What does the ONC do for Health IT? Health Equities? Public Health?
He shared the aspirational and the practical.
Vision for the next couple of years.
1. CIOs to think about innovation again. Away from regulatory demands.
2. Solve the last inch of interoperability.
3. Break down the silos between clinical, administration, public health and research for commodity data.
4. Take advantage of platform business and technical models.
5. Mitigate health equity and intercept it upstream.
Information Blocking and 21st Century cures is a law. Help organizations to understand and implement the data sharing constructs to deliver on the objectives of that law. “to help accelerate medical product development and bring new innovations and advances to patients who need them faster and more efficiently”
Big job, great balance of the aspirational and the practical. We look forward to working with you Micky.
Today in Health IT
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Today in health, it, we continue our series where we’re looking at the keynote addresses from the chime summer forum. And today we have an interview by. Russ brands, Zelle of the current ONC it coordinator for health. It, which is Micky Tripathi. My name is bill Russell. I’m a former CIO for a 16 hospital system.
And creator of this week in health, it a channel dedicated to keeping health it staff current and engaged. I want to thank our sponsor for today’s series healthcare. They reached out about this time last year and said, we love what you’re doing and appreciate your mission to develop the next generation of health leaders. The rest is history, as they say, if you believe in our mission and want to support the show, please shoot me a [email protected]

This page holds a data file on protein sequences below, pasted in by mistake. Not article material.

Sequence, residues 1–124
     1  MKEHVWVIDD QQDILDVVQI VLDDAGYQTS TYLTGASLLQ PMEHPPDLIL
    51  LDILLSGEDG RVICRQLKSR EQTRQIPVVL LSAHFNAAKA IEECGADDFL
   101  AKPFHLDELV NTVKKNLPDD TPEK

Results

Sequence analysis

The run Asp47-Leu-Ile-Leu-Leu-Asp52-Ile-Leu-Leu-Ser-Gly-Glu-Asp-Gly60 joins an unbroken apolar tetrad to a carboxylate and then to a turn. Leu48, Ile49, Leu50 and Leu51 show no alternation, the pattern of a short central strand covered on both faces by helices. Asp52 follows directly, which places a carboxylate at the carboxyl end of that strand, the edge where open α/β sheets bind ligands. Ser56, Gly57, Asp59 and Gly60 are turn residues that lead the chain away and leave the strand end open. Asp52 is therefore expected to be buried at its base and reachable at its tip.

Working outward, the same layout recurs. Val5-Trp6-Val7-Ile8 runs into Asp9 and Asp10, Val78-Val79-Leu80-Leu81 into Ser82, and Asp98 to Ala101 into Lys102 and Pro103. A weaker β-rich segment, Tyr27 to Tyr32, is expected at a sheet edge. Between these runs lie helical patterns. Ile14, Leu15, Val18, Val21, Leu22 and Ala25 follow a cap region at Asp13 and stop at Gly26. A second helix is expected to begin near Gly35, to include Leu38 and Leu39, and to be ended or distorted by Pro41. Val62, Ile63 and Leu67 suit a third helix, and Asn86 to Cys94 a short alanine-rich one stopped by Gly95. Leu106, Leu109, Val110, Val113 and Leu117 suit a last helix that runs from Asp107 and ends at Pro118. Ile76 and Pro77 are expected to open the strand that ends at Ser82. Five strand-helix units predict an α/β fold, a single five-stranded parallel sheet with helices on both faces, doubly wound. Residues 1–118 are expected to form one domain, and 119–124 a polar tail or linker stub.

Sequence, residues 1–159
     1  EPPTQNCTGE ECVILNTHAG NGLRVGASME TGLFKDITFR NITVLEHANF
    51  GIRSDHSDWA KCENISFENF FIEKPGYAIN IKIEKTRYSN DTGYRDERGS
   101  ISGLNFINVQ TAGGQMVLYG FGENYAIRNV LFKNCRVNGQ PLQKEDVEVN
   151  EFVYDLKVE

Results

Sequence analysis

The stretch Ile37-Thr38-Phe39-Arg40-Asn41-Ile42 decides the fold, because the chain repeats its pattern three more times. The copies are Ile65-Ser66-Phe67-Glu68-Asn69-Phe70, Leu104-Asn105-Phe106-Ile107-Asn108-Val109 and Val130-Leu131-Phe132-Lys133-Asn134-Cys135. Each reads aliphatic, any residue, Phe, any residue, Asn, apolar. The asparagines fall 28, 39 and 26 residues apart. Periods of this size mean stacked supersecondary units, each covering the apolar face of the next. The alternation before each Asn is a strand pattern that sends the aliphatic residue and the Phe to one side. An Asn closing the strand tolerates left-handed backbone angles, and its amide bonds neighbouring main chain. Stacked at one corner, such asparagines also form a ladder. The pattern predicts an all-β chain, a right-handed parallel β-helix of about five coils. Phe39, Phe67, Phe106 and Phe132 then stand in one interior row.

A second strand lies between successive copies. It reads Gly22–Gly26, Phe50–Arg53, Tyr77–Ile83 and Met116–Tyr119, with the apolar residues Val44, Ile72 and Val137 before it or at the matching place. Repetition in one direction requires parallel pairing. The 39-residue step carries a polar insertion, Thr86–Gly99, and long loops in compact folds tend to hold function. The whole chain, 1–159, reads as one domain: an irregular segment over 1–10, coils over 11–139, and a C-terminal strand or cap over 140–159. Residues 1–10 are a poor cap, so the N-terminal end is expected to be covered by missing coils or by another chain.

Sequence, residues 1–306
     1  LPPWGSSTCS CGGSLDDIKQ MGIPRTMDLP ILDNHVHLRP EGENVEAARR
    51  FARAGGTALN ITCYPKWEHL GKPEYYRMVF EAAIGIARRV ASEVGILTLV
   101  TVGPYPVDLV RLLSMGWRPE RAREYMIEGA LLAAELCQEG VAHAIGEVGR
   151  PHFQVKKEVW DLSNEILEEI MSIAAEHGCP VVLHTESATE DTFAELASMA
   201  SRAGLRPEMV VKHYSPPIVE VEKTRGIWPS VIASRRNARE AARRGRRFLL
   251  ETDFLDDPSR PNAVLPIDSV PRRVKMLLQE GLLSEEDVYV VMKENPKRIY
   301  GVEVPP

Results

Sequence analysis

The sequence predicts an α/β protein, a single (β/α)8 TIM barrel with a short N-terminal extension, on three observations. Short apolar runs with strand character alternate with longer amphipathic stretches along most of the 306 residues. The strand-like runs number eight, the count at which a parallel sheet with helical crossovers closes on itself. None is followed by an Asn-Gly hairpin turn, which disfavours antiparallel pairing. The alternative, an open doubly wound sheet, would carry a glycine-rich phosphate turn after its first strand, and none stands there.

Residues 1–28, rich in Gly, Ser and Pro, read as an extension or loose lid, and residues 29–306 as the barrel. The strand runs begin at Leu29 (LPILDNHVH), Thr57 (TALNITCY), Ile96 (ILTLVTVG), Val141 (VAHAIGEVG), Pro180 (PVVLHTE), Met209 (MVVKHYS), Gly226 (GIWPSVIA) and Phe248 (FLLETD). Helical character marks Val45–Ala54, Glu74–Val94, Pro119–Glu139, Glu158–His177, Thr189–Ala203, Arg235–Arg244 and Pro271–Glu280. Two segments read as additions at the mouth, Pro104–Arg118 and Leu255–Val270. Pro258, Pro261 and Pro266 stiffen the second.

All right. Here’s today’s story. So Russ brand Well, sat down with Micky Tripathi, who is, , a couple months into the ONC it coordinator role. And tomorrow we’re actually going to look at seven. Of the people who have held that role and the panel discussion that they had. And that’s going to be interesting of itself.
Russ was able to get a half hour to sit down with Mickey. And this is a phenomenal interview, ends up just chock full of information for all of us who are wondering. What is going on around those things like 21st century cures act information, blocking Taska health, equities, you name it, which is all part of the role that the it coordinator for ONC not as in charge of, in and of themselves, but is responsible for really moving forward in their time in office.
And so he started the question with, give us an idea of stepping into the role and what are some of the things you did through the through the pandemic itself. And, it’s not a frontline agency, they didn’t do any care. They didn’t do any distribution of the vaccine or anything like that, but they did all the backend stuff, all
the things like helped with vaccine scheduling and some of the things that they did showed up in Google searches and pharmacy partners and epic work and whatnot.
They’re also supporting the vaccine credential initiative, not from a government initiative standpoint, but supporting the private sector in their move forward. They are shoring up the public health data systems the systems. I did not service as well as they should have through the pandemic. And they are obviously coming alongside and trying to figure out how to shore those up for any future challenges that we might have in this area of 21st century cures act. Obviously they are front and center and he goes into that in some detail. Then health equities is also something they did and are continuing to look at.
I think one of the interesting things to note here is that while the appointments changed from administration to administration,
there’s very stable group people working just underneath those appointments that have been around for 10 years or so. So they add the continuity to the various administrations as they come and go. That group is working remotely right now. But they are still engaging with us
and Mickey gives us a bunch of ways that we can engage with the OMC.
He knows that there’s a lot of questions out there around things like information blocking Taska the HR certification requirements and local implementations, how these things get rolled out. Is so important and he wants us to engage with the ONC. We can engage through chime. We can engage directly. We can engage in a lot of different ways. They are constantly collecting information and it helps to shape the policy moving forward.